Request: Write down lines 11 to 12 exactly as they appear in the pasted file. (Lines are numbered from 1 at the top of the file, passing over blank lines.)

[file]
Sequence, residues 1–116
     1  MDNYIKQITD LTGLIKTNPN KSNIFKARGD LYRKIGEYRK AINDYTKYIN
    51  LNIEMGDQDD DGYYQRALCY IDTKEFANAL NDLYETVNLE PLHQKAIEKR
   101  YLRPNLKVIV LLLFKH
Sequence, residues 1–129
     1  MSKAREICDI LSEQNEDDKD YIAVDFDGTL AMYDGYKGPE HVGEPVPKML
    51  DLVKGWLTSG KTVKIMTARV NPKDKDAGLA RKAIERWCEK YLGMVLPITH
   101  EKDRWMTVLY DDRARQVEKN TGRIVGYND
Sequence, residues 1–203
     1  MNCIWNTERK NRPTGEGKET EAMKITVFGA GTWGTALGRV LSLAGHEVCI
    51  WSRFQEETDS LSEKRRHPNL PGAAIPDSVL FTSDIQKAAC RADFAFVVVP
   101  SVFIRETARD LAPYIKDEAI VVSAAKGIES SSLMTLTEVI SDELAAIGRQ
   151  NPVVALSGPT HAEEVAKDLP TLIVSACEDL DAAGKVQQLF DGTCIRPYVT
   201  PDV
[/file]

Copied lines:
    51  WSRFQEETDS LSEKRRHPNL PGAAIPDSVL FTSDIQKAAC RADFAFVVVP
   101  SVFIRETARD LAPYIKDEAI VVSAAKGIES SSLMTLTEVI SDELAAIGRQ